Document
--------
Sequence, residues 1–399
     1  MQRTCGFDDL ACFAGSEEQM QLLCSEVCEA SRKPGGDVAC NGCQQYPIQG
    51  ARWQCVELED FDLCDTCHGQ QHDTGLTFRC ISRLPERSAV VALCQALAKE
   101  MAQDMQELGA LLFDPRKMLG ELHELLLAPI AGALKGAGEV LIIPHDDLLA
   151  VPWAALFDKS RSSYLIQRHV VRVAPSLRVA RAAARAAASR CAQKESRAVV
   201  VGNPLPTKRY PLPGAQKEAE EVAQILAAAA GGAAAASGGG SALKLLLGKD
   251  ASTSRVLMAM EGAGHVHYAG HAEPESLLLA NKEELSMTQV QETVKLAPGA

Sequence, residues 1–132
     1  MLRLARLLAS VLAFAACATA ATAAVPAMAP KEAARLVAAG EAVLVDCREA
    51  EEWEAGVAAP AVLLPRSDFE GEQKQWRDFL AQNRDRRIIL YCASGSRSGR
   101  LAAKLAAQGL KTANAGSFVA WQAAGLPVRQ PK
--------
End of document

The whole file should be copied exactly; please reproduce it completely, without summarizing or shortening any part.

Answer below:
Sequence, residues 1–399
     1  MQRTCGFDDL ACFAGSEEQM QLLCSEVCEA SRKPGGDVAC NGCQQYPIQG
    51  ARWQCVELED FDLCDTCHGQ QHDTGLTFRC ISRLPERSAV VALCQALAKE
   101  MAQDMQELGA LLFDPRKMLG ELHELLLAPI AGALKGAGEV LIIPHDDLLA
   151  VPWAALFDKS RSSYLIQRHV VRVAPSLRVA RAAARAAASR CAQKESRAVV
   201  VGNPLPTKRY PLPGAQKEAE EVAQILAAAA GGAAAASGGG SALKLLLGKD
   251  ASTSRVLMAM EGAGHVHYAG HAEPESLLLA NKEELSMTQV QETVKLAPGA

Sequence, residues 1–132
     1  MLRLARLLAS VLAFAACATA ATAAVPAMAP KEAARLVAAG EAVLVDCREA
    51  EEWEAGVAAP AVLLPRSDFE GEQKQWRDFL AQNRDRRIIL YCASGSRSGR
   101  LAAKLAAQGL KTANAGSFVA WQAAGLPVRQ PK